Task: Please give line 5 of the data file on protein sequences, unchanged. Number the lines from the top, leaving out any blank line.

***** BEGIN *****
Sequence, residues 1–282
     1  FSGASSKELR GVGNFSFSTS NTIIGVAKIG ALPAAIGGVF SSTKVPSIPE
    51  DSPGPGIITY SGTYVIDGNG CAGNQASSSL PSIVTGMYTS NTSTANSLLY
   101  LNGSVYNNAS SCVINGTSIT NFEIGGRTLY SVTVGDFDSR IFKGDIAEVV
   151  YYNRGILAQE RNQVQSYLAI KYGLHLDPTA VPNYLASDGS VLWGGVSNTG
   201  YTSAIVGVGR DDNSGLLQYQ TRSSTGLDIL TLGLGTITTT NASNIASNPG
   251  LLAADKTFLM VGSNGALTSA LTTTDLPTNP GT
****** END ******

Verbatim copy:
   151  YYNRGILAQE RNQVQSYLAI KYGLHLDPTA VPNYLASDGS VLWGGVSNTG